The Sweet One and the Warm One

The Sweet One
Sudhagad Plateau
The rustling grass formed shapes of spirals in an otherwise uniform, sun-blasted lateritic surface of the Sudhagad plateau. As we emerged from the hot and humid forests adorning its foothills, we were witness to a vast field under a clear sky with a cumulonimbus budding over the horizon. From far we saw a Bonelli’s Eagle as it swooped low amongst ancient trees twisted and gnarled, to surprise the hidden doves and quails, of which there were plenty. Some of these ancient trees reminded me of Corbett’s banshee, screaming and wailing from the tree tops, but as the screams fell on my ear it was not the dread I felt, it was amazement. Then I looked at the reason behind the painful squeals, saw an unsettling grin it had carved, and thought otherwise. I quickened my steps as I fought myself from being attracted to this hidden (hideous?) face.
The banshee
Then quietness settled upon me. Not the lull before the storm quiet, it was of something pure and untouched by mindless activities. We came to a lone, bare tree standing over the edge of the plateau, forked at its base, both of its arms curved round each other and then, radiating outwards, gave out thinner branches resembling antlers. The edge of the tree marked a dried-up waterfall. Under it a small rodent which I couldn’t discern properly played around the boulders – its burrow, I reckon, was marked by a triangular entrance. I sat on a rock waiting for it to emerge, but it never gave me a chance to get a closer look.
Stag tree
Then we proceeded along the plateau dominated by tall grass lounging in the warm air. Large boulders were strewn across the plateau, perhaps the remains of majestic halls and tall pillars now free from the services of man.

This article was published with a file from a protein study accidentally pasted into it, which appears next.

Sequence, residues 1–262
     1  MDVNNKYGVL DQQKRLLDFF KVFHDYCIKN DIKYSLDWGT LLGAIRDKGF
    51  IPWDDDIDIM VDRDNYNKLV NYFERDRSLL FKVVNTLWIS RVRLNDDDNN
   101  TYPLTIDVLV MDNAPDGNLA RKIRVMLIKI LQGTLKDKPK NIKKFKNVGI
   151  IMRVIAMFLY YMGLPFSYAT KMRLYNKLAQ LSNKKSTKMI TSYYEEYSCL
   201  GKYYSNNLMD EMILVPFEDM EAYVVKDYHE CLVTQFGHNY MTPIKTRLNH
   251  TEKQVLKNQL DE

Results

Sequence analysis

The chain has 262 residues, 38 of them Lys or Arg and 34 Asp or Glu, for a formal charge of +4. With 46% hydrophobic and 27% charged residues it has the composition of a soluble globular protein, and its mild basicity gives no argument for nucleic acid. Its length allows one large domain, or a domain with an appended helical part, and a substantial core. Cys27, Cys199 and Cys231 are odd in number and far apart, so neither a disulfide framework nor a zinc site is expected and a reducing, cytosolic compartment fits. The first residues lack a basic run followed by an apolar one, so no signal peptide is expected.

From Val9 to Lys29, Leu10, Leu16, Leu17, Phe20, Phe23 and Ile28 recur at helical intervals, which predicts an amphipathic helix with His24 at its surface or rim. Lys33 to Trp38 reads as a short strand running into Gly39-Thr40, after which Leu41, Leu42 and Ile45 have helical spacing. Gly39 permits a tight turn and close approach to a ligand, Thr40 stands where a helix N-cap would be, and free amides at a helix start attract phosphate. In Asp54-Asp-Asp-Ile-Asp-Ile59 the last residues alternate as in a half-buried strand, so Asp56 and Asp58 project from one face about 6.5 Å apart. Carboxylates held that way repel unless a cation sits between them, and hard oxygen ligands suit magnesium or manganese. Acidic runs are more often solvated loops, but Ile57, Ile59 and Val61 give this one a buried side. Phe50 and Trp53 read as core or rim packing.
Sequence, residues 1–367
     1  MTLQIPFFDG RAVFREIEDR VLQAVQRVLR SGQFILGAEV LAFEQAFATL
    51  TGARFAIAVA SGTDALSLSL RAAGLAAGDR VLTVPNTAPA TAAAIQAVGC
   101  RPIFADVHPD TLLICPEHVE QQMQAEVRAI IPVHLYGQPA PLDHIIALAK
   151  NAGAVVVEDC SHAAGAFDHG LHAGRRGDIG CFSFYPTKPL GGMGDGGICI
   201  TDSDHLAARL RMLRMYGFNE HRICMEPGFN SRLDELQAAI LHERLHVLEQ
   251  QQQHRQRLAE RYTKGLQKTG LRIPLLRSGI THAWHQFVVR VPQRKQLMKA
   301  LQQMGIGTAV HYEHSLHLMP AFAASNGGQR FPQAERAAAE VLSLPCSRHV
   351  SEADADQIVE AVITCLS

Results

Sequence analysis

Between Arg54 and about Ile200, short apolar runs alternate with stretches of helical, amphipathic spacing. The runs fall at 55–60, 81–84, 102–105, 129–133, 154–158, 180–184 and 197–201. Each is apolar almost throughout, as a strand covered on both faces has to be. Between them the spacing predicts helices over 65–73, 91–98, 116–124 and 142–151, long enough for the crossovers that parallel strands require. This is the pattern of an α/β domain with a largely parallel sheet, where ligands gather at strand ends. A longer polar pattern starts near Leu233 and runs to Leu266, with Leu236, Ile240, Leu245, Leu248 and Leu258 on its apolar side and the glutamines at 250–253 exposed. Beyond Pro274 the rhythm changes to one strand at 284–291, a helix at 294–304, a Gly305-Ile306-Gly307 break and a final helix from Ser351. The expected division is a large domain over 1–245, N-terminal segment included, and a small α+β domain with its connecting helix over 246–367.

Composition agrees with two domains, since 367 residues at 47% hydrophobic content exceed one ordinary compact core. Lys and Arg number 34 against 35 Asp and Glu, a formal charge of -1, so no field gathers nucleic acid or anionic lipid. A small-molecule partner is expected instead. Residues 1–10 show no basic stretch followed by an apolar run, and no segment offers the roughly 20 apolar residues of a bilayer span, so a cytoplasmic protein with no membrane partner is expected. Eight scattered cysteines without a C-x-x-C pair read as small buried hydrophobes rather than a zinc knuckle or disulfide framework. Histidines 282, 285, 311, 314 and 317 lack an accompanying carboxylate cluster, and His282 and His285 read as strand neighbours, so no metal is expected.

A Pipit takes a respite under the stone
There is a reason why Sudhagad is called the sweet fort. One of the reasons is that even the gnarly face on the tree, in the end, provides a much deserving shade, as does a boulder surrounded by grass that forms no shadow.

A few hundred yards ahead is a small house with a low-shingled gable roof – a sign that when it rains, it rains a lot on this mountain – that belongs to an old lady. She was certainly not as old as the fort was when it was titled the sweet fort, but today if it is to be called a sweet fort; it is because of her.

We reached her house by noon, about time for lunch, and she so very kindly told us to explore the yonder hill with a temple and the gates from where once passed horses and kingly folk, until she prepared lunch. In the verandah, which quite frankly was the entire Sudhagad plateau, chilies bright in colour were laid out to dry a few yards from her house. Behind it are trees of Jackfruit, standing tall as her sentinels.
Ruins of Sudhagad and Tel Baila in the background
She was the only person other than the priest of the ancient temple that dwelt here. And although we do not know her age, she had come here decades ago with her parents and has lived here for a very long time, for she knew where all the springs and ponds are, and which path led where. Her accent was peculiar. I had never heard it before. It was pure, expressive, and extremely sweet. She asked us to return and to stay on our next visit – which I believe is very imminent now.
An Indian Bullfrog in a vernal pool
While trekking back we visited all the places she asked us to, from the spring that never runs dry to the pond full of flowers: frogs leaping from the banks, some swimming beneath the leaves. Flowers of Kumudini and Water Lilies adorned its surface, and dragonflies and damselflies danced amongst the rich plant growth. While the banks were heating up under the sun, the water was cool upon touch.
The sweet house